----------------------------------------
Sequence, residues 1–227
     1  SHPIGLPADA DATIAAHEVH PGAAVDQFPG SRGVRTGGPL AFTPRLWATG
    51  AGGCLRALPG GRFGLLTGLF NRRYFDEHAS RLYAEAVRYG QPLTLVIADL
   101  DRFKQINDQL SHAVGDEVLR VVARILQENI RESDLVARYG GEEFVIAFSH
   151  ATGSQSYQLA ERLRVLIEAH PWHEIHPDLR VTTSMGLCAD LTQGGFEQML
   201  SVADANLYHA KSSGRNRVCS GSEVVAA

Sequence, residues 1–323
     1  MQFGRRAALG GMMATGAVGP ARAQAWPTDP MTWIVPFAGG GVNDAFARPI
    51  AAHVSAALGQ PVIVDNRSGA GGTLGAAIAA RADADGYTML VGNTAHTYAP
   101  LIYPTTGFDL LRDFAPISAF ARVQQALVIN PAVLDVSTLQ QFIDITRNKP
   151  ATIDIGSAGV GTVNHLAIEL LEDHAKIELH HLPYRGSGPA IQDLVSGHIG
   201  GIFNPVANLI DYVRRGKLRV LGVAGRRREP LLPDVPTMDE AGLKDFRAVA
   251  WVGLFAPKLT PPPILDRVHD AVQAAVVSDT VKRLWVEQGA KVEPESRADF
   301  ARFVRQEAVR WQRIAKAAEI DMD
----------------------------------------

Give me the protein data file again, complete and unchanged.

Sequence, residues 1–227
     1  SHPIGLPADA DATIAAHEVH PGAAVDQFPG SRGVRTGGPL AFTPRLWATG
    51  AGGCLRALPG GRFGLLTGLF NRRYFDEHAS RLYAEAVRYG QPLTLVIADL
   101  DRFKQINDQL SHAVGDEVLR VVARILQENI RESDLVARYG GEEFVIAFSH
   151  ATGSQSYQLA ERLRVLIEAH PWHEIHPDLR VTTSMGLCAD LTQGGFEQML
   201  SVADANLYHA KSSGRNRVCS GSEVVAA

Sequence, residues 1–323
     1  MQFGRRAALG GMMATGAVGP ARAQAWPTDP MTWIVPFAGG GVNDAFARPI
    51  AAHVSAALGQ PVIVDNRSGA GGTLGAAIAA RADADGYTML VGNTAHTYAP
   101  LIYPTTGFDL LRDFAPISAF ARVQQALVIN PAVLDVSTLQ QFIDITRNKP
   151  ATIDIGSAGV GTVNHLAIEL LEDHAKIELH HLPYRGSGPA IQDLVSGHIG
   201  GIFNPVANLI DYVRRGKLRV LGVAGRRREP LLPDVPTMDE AGLKDFRAVA
   251  WVGLFAPKLT PPPILDRVHD AVQAAVVSDT VKRLWVEQGA KVEPESRADF
   301  ARFVRQEAVR WQRIAKAAEI DMD